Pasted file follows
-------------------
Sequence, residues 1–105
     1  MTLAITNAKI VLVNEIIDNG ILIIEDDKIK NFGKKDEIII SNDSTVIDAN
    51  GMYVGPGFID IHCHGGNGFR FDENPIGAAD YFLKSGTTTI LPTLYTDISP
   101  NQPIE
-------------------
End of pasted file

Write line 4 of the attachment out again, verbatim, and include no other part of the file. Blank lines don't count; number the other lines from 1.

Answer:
   101  NQPIE